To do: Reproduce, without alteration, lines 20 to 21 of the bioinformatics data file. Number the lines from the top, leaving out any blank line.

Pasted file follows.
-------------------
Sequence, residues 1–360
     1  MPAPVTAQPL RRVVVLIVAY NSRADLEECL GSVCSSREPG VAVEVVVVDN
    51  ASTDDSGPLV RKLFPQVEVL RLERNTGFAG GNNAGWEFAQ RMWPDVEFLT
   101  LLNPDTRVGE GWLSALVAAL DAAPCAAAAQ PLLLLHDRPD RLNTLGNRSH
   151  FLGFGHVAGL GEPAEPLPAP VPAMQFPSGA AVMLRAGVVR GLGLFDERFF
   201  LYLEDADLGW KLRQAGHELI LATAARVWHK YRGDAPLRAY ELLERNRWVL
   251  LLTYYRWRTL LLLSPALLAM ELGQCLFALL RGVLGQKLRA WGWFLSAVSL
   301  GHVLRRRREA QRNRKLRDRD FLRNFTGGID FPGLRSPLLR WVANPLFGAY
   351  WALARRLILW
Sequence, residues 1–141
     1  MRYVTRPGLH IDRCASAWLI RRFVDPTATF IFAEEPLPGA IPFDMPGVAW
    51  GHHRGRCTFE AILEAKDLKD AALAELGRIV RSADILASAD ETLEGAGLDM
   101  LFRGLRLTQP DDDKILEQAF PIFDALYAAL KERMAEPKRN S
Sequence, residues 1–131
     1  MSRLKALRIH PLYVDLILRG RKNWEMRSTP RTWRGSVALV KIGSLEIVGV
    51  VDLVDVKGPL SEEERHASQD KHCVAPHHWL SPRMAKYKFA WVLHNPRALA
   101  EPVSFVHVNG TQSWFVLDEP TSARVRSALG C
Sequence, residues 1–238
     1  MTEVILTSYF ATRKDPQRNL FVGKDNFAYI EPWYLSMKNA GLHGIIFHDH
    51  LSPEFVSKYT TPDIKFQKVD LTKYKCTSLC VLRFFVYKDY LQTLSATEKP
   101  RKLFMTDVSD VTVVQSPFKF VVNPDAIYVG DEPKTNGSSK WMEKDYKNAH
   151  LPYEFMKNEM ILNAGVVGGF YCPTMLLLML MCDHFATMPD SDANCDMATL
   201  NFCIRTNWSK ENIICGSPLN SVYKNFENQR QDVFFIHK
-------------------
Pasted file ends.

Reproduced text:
    51  LSPEFVSKYT TPDIKFQKVD LTKYKCTSLC VLRFFVYKDY LQTLSATEKP
   101  RKLFMTDVSD VTVVQSPFKF VVNPDAIYVG DEPKTNGSSK WMEKDYKNAH